The revolt, however, was short-lived. After an attack on July 28, Amador’s soldiers took heavy casualties, with over 200 killed. After the attack, the governor of the island offered clemency to anyone who surrendered, and over 4,000 took the offer.
One of Amador’s lieutenants betrayed him, and he and several other leaders of the revolt were captured by the Portuguese. On August 14, Amador was executed, drawn and quartered.
Amador’s slave revolt was one of the largest in the history of the Atlantic slave trade. After Sao Tome and Principe became independent, Amador was declared a national hero. His face was on every note in the original currency issued by the country, the dobra, and January 4 is a national holiday in Sao Tome and Principe in his honor.
Amador’s revolt accelerated what had been happening with the Sao Tome economy. Sugar became less essential, and slaves became even more important, continuing its role as a transit point.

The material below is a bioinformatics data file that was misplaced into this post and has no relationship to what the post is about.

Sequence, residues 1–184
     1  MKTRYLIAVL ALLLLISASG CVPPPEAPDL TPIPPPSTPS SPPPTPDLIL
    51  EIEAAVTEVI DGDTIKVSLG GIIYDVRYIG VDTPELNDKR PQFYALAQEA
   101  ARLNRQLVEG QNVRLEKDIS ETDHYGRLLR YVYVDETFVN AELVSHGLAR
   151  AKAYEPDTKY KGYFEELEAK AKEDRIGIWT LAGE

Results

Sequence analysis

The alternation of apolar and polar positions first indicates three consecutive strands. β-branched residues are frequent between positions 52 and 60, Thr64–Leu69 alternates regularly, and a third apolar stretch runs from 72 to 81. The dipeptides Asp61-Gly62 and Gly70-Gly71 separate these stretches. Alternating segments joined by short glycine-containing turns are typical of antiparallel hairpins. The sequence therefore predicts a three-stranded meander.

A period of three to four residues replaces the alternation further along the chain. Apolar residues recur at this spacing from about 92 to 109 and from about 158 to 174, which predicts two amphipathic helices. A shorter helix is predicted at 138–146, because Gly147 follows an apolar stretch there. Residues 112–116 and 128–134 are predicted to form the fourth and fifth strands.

While slavery remained the basis of the economy, throughout the 17th and 18th centuries, the number of Europeans on the island dwindled due to tropical diseases. Most of the free people on the islands were mixed-race, and they began taking leadership positions.
In the 19th century, agriculture made a return in the form of cacao and coffee. Both products were successful and grown on plantations, which were mostly owned by absent Portuguese landlords.
The slave trade dwindled throughout the 19th century as it was outlawed in more countries. It was eventually outlawed by Portugal in 1876.
However, it didn’t necessarily stop the practice in Sao Tome. For decades after the official emancipation of slaves on the island, the practice continued even though it was illegal.
The forced labor conditions continued well into the 20th century. If it wasn’t technically slavery, it was the closest thing to it.
There was labor unrest and riots that took place throughout the 20th century, which culminated in the Batepá massacre on February 3, 1953.